EPA Proposal to Reduce Arsenic, Radon in Drinking Water Blocked

Dec. 28, 2000

The U.S. House of Representatives voted Wednesday against an effort by the U.S. Environmental Protection Agency to reduce arsenic and radon in drinking water.

A rider on the EPA budget bill for fiscal year 2001 barred the EPA against completing regulations to reduce levels of arsenic in drinking water. Another rider stops the agency from issuing a new standard for radon levels in drinking water, and a third halts cleanup of contaminated sediments in waterways.

The EPA had proposed to lower arsenic levels in drinking water by ten times, citing health risks, such as cancer, cardiovascular disease, diabetes, and developmental and neurological problems. The current standard, which was set in 1942, stands at 50 parts per billion.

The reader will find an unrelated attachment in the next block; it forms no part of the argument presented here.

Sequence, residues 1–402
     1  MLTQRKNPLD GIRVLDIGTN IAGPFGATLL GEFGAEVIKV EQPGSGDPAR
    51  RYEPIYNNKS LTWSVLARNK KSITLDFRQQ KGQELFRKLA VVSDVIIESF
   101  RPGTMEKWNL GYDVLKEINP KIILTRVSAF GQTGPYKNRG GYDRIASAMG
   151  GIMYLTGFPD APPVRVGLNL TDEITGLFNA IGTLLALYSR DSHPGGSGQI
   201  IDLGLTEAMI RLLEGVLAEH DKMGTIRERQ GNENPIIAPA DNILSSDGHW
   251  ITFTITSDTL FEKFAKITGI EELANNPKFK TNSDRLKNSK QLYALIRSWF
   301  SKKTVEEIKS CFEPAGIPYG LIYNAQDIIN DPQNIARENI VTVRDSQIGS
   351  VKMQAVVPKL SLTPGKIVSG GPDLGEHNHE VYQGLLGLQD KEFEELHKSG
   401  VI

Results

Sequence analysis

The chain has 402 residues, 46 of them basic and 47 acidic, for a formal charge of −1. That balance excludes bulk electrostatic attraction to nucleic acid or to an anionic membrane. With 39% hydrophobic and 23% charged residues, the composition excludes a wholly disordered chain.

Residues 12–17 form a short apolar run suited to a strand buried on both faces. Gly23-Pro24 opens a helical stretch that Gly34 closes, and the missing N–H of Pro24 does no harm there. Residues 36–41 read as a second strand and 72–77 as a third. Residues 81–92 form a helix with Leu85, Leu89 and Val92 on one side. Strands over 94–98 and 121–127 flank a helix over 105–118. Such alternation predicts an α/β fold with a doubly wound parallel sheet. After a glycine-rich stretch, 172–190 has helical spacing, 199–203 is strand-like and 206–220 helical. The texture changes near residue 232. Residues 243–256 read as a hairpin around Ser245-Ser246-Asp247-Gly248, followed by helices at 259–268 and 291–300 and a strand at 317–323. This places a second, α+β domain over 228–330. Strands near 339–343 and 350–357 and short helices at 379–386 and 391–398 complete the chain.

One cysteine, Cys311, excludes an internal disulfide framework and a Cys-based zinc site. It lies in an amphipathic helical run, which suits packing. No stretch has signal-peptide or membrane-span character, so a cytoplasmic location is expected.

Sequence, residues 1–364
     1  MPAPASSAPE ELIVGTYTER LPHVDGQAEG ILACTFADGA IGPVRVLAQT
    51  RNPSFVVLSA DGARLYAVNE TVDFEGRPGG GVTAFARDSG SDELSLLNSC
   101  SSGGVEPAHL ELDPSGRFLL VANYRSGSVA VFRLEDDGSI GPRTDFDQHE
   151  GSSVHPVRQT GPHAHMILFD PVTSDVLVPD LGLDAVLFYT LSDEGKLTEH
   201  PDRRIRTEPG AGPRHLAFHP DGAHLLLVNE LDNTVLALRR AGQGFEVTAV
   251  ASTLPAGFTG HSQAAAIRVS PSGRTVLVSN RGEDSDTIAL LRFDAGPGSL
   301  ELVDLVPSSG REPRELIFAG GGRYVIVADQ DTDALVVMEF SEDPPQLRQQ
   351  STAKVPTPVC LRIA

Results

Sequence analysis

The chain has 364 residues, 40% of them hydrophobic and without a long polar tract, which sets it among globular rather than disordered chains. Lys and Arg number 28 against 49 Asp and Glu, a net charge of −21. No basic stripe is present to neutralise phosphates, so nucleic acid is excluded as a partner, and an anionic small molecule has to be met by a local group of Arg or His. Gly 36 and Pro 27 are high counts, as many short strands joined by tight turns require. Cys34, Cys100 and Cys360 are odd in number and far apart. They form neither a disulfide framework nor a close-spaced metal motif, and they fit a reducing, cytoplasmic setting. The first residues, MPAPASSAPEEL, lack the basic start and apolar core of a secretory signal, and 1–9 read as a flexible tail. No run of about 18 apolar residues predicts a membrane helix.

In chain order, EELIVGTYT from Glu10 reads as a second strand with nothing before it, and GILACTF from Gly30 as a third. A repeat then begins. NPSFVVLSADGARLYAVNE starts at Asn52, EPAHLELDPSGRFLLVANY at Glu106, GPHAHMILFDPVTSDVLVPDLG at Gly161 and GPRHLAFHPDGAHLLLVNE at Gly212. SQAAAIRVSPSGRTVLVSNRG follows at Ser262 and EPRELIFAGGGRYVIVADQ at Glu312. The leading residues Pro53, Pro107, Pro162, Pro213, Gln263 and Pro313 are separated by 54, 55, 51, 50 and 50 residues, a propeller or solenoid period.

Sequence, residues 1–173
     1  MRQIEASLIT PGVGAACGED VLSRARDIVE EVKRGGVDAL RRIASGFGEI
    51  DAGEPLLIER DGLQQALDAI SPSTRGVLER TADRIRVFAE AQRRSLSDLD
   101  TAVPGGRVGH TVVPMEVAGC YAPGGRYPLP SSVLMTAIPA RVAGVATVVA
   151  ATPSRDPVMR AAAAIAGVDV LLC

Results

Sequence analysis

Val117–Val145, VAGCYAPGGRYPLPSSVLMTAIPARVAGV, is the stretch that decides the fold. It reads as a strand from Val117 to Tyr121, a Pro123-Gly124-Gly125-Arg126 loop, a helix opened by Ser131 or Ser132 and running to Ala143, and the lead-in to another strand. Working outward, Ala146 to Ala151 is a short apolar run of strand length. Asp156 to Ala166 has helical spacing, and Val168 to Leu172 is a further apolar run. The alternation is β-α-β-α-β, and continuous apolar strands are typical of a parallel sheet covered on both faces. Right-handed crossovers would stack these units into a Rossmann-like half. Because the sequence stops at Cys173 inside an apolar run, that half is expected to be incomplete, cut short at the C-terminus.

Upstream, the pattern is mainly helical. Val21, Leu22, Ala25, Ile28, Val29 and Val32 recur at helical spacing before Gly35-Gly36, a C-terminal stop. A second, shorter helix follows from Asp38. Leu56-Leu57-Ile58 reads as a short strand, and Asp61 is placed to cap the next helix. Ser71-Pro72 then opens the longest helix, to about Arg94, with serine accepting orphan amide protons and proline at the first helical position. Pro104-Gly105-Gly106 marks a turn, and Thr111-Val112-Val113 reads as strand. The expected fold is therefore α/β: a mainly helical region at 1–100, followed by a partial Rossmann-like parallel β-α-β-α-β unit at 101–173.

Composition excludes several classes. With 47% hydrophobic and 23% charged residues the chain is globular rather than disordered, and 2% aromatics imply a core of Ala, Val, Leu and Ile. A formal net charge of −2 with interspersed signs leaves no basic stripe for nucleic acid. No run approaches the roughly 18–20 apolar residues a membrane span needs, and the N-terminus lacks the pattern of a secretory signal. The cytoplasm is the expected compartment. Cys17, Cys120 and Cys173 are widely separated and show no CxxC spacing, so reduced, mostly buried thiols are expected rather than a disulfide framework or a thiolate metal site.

A 1999 National Academy of Sciences report found that the current standard is unsafe, and should be revised "as promptly as possible."

The EPA already has been blocked in several attempts to update the standard.

"Congress defied public opinion and common sense by voting against reducing the arsenic and radon in our nation's drinking water and smog from our air," said Ed Hopkins, Sierra Club senior representative. "You don't need a Ph.D. to know that if you can remove arsenic, radon and smog levels, you vote yes."

(Source: U.S. Environmental Protection Agency)